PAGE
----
My observation is that most statistically cheap stocks were indiscriminately sold down with similar force as expensive stocks. This meant that cheapness in itself was not a protector of market value in the near term. With a three to five year timeframe, I strongly believe the springs for these stocks have been coiled further. If one’s time horizon is five-plus years, it should be clear that paying a cheap price today for a quality, growing company should effectively ‘lock in’ a favorable range of investment outcomes. However, within a short period, anything can happen. It is always possible that the price of a new holding drops another 20%-40% after purchase, but whether that happens is ultimately unknowable. What is more knowable is whether the current price presents absolute value versus the company’s cash earnings. Where skill and experience come into play is in correctly assessing where those earnings will go in the years ahead.
Chain Reaction Surrounding the Fourth Quarter
Transparency is nonexistent in market sell-offs. It is clear that most investors became accustomed to a lack of volatility since 2011 and for many, October and December were the most volatile months ever experienced. When stocks grind lower for weeks on end, it can be unnerving for market participants. The truth is that there is no way to know exactly how much of a 20% drop (the Russell 2000 Index’s move during Q4 2018) is attributable to rational decisions versus forced or panicked selling. Still, the forces at work that cause such a precipitous drop recur from correction to correction. Similar to a pinball that is propelled multiple times upon hitting bumper after bumper, stocks can suddenly behave in the opposite manner once every several years.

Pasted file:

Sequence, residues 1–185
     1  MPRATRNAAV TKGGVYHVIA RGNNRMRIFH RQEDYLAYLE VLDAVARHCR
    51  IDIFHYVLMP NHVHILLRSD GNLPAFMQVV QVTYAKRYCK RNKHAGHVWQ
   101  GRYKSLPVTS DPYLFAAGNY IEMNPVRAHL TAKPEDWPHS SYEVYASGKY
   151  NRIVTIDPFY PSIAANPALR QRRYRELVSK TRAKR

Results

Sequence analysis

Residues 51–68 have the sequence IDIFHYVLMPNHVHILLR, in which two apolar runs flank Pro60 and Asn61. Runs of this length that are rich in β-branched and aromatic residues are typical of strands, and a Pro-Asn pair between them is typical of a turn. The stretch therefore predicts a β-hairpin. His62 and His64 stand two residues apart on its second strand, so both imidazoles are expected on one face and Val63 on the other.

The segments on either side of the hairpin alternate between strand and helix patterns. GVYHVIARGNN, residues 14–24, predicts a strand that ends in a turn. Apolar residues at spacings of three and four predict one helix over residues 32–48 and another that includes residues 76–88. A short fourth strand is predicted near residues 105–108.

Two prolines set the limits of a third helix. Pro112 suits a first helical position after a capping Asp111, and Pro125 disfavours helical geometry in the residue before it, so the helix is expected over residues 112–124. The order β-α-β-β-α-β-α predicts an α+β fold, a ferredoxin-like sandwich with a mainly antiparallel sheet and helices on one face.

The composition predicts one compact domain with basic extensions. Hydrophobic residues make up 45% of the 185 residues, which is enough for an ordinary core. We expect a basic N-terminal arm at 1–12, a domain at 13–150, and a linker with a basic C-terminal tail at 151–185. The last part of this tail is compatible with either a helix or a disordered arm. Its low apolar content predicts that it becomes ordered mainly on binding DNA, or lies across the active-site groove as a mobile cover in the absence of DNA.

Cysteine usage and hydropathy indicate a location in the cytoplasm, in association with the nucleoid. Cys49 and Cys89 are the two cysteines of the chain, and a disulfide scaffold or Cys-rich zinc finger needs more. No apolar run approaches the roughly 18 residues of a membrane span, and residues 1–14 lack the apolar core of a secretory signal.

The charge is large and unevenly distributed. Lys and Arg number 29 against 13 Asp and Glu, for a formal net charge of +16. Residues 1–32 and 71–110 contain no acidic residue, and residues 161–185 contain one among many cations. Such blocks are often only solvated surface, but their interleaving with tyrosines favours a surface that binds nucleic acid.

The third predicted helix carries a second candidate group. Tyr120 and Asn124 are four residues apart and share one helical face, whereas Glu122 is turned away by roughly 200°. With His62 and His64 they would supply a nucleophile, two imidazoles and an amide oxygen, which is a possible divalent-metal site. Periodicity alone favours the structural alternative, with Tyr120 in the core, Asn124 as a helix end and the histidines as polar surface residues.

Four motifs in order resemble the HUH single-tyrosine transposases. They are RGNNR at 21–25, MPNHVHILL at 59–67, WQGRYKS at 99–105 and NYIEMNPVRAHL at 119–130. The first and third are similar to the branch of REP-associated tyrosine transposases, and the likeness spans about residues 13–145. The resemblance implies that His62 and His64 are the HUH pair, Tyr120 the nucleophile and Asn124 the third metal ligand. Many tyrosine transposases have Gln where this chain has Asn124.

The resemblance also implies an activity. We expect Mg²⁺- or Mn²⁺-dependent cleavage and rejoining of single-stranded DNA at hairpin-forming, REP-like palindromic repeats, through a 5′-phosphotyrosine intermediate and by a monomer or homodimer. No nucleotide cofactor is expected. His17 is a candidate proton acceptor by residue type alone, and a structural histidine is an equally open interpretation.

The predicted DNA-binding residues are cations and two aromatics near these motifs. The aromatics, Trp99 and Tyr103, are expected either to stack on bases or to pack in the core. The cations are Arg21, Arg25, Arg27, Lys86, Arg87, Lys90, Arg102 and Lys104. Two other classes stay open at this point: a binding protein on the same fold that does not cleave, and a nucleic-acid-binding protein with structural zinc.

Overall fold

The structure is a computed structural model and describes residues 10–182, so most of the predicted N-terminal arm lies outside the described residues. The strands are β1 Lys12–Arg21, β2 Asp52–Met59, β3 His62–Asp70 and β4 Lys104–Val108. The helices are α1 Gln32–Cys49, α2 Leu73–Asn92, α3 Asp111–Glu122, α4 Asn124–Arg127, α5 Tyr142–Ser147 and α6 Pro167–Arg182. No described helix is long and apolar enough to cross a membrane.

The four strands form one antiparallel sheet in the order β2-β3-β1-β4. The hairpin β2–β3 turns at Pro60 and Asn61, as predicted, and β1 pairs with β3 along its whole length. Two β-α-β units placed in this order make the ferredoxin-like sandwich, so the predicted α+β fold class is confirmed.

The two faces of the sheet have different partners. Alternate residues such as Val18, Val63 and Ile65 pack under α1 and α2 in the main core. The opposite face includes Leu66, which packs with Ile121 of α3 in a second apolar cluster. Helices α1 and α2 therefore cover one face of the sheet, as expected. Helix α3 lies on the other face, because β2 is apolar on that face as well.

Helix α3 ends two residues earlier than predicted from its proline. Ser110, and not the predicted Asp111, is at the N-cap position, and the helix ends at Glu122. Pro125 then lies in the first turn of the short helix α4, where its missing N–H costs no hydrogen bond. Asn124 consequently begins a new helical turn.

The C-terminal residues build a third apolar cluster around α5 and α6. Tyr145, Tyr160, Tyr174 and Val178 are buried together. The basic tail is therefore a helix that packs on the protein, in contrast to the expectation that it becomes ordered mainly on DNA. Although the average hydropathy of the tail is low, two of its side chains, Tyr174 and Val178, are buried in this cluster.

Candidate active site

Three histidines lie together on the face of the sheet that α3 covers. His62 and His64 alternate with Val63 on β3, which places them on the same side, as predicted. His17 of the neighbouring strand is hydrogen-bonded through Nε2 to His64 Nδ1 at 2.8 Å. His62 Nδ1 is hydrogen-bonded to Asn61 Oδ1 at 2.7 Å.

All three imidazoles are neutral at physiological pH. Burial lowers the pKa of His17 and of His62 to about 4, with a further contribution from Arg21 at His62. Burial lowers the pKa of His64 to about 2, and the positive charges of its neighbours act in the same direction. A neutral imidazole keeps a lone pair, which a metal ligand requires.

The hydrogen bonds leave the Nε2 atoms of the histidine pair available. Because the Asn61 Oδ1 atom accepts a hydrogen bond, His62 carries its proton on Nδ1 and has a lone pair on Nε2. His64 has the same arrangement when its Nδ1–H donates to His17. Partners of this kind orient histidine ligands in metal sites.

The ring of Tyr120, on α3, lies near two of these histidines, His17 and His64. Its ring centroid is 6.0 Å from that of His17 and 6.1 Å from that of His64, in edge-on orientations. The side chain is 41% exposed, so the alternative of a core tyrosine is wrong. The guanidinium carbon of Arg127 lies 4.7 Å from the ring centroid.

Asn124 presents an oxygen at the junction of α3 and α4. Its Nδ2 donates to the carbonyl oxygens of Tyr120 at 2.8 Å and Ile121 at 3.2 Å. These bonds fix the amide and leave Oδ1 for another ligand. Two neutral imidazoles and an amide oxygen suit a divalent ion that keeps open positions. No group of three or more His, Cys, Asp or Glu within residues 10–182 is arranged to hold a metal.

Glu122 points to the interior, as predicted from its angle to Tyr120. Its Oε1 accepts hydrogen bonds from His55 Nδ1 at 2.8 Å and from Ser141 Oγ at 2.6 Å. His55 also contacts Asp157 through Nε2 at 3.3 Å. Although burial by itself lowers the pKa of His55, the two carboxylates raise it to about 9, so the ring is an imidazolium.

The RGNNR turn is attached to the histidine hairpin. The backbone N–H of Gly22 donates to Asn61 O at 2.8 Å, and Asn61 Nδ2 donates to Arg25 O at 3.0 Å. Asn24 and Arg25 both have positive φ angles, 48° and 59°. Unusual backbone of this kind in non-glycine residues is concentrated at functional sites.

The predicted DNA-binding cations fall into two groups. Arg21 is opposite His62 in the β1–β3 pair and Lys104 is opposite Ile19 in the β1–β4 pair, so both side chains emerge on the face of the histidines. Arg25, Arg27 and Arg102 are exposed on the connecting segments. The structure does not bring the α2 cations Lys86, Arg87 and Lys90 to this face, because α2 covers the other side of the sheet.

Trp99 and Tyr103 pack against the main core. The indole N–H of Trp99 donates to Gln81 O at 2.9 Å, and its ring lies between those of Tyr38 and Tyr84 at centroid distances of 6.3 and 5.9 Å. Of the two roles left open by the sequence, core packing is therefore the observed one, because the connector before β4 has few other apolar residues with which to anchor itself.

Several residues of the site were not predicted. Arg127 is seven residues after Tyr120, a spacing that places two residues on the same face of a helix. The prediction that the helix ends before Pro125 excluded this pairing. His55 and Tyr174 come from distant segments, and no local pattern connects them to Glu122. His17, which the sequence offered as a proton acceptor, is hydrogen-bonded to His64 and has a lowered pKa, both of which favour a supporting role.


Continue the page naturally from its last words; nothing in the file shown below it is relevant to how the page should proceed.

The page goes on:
The following is my general interpretation of the events in a sell-off:
- Negative news triggers selling. For example, headlines related to US protectionism, monetary policy tightening, Brexit, and the partial US government shutdown all contributed to selling pressure in Q4.
- Lower prices become a catalyst,
- leading to lowered confidence and investors switching to “risk off” mode. Hedge funds that rely on computer models, otherwise known as “quant funds”, join in the selling. According to a recent Wall Street Journal article from December 2018, quant funds account for approximately 29% of the trading in the market.
- Lower prices trigger forced selling via margin calls and stop loss orders. Mutual fund redemptions, more selling from quant funds and tax loss selling join the fray. At this point, prices take a steep dive as the confluence of forces temporarily detach market values from fundamentals.
- The lower prices beget more selling as market participants continue to act on emotion.
Where does the selling end? Eventually, the forced selling dissipates and values become compelling enough that investors feel confident enough to step in amongst the uncertainty. Unless the world is ending, every sell-off must dissipate, not too much unlike a virus that must run its course.